Children’s Aid Societies and Indigenous Child and Family Well-Being Agencies in Ontario ARE continuing their child protection services. We are NOT closed. Although agencies across the province have modified their business practices to respond to health and safety concerns, their core protection services continue. If any member of the public or professional have a concern about the safety and/or well-being of a child or youth under 18, they should immediately contact their local Children’s Aid Society or Indigenous Child and Family Well-Being Agency. A list of local contact information for these agencies are available here: http://www.oacas.org/childrens-aid-child-protection/locate-a-childrens-aid-society/

Save Money this Gardening Season

Monday, March 9th, 2020

Are you a gardener? Getting ready for your spring planting and gardening projects? Need Soil? 

This spring, consider purchasing soil for your gardening projects through the Big Yellow Bag Give & Grow program. Using the code CAFHALTON2Z, save $5 on each bag purchased. This code is good for both telephone and online orders. As a bonus, Big Yellow Bag will donate $10 to the Children’s Aid Foundation of Halton–so everyone wins!!

Take advantage of the savings; pass along the information to your gardening friends.

Advert for CAFH Give & Grow Program

Privacy Statement

Monday, December 30th, 2019

Notice of Information Practices

Monday, December 30th, 2019

Overview

Ontario has a law that protects your personal information relating to services you receive from the Halton Children’s Aid Society (Society). The Society is required to follow the privacy rules under the Child, Youth and Family Services Act, 2017 (CYFSA). The Society is required to keep your personal information safe and secure. You have the right to know how we may use and give out your service information and how you can get access to it.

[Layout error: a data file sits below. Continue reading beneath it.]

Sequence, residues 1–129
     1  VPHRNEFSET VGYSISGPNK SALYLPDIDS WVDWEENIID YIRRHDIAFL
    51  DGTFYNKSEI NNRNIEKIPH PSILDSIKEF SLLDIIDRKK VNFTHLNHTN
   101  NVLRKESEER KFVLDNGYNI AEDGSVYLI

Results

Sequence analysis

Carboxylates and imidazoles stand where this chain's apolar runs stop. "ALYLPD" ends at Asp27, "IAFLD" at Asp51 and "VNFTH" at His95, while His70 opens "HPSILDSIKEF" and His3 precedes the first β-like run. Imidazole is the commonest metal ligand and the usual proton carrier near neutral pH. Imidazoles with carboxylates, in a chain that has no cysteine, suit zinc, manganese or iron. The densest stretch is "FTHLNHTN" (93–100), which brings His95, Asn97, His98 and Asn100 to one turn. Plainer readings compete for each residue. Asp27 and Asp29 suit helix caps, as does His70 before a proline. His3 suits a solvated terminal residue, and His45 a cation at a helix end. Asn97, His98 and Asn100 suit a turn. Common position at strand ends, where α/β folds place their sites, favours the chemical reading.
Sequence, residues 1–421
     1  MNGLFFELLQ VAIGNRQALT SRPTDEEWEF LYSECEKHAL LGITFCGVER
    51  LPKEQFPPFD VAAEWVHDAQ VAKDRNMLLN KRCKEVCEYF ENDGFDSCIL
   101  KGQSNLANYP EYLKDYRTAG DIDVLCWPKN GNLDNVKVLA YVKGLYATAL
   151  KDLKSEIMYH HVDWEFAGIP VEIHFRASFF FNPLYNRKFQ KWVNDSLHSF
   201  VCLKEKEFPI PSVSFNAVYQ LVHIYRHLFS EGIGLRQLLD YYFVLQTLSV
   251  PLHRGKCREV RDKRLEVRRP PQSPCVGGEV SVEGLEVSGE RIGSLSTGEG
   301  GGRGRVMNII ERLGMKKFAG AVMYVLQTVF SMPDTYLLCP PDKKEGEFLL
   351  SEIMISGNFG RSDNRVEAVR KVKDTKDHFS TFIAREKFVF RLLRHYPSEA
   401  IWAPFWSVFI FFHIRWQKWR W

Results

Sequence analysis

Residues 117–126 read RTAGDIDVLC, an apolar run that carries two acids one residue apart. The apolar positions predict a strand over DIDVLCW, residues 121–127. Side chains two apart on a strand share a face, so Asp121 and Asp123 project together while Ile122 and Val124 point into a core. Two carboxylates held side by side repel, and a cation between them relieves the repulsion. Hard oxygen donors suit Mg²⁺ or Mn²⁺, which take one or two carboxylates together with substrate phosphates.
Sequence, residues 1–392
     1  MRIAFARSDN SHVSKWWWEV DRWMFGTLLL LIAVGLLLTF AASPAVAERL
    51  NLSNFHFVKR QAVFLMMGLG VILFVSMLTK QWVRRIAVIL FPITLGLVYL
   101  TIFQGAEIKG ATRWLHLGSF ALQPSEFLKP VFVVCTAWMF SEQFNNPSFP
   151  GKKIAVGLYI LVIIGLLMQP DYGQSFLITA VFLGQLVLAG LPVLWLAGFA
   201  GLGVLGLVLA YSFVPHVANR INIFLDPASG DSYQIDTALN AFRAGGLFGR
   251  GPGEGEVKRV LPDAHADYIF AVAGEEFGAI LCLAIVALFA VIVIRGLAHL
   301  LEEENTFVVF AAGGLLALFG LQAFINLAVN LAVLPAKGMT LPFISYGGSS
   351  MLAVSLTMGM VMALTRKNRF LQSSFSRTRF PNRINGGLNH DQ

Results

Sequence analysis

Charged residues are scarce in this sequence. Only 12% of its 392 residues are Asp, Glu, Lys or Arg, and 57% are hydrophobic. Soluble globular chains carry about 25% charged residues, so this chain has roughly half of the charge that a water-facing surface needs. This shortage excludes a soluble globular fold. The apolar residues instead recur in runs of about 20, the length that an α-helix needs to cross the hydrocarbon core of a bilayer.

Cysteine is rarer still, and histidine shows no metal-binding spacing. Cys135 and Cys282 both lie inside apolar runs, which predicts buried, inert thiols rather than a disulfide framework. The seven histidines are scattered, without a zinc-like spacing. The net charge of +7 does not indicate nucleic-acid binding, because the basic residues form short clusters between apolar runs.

The Society is committed to promoting privacy and protecting the confidentiality of the personal information we hold about you and the services you have received.

Children’s Aid Society Mandate

Children’s Aid Societies (CASs) have the exclusive mandate to provide child protection services in Ontario. CASs work to promote the best interests, protection and well-being of children and youth. Every CAS in the province is responsible for a specific jurisdiction and, at times, CASs work together to fulfill their mandate.

Personal Information

The Society’s records may include personal information collected to provide services to you including, for example, your date of birth, contact information, records of meetings with you and/or your family, services you received, programs you attended, details of your physical and mental health, medical, psychological or psychiatric reports, school information, financial information, employment history, allegations or findings of child maltreatment, court documentation, police interventions, criminal history, your views or opinions, the views and opinions of others about you and information about your race, ancestry, place of origin, colour, ethnic origin, citizenship, family diversity, disability, creed, religion, age, sex, sexual orientation, gender identity, gender expression, cultural or linguistic needs, marital or family status.

We collect, use, and disclose (meaning share) personal information to:

  • investigate allegations that children may be in need of protection and, where necessary, protect children;
  • assess, reduce or eliminate a risk of harm to a child or serious harm to other person or group of people;
  • provide services to children and their families for protecting children or for the prevention of circumstances requiring the protection of children;
  • provide care for children and supervise children under our supervision;
  • assess and approve homes for children who cannot remain with their families;
  • place children for adoption;
  • plan and manage service;
  • aid a law enforcement agency investigation;
  • receive payment or process, monitor, verify or reimburse claims for payment;
  • detect, monitor or prevent fraud or any unauthorized receipt of services or benefits;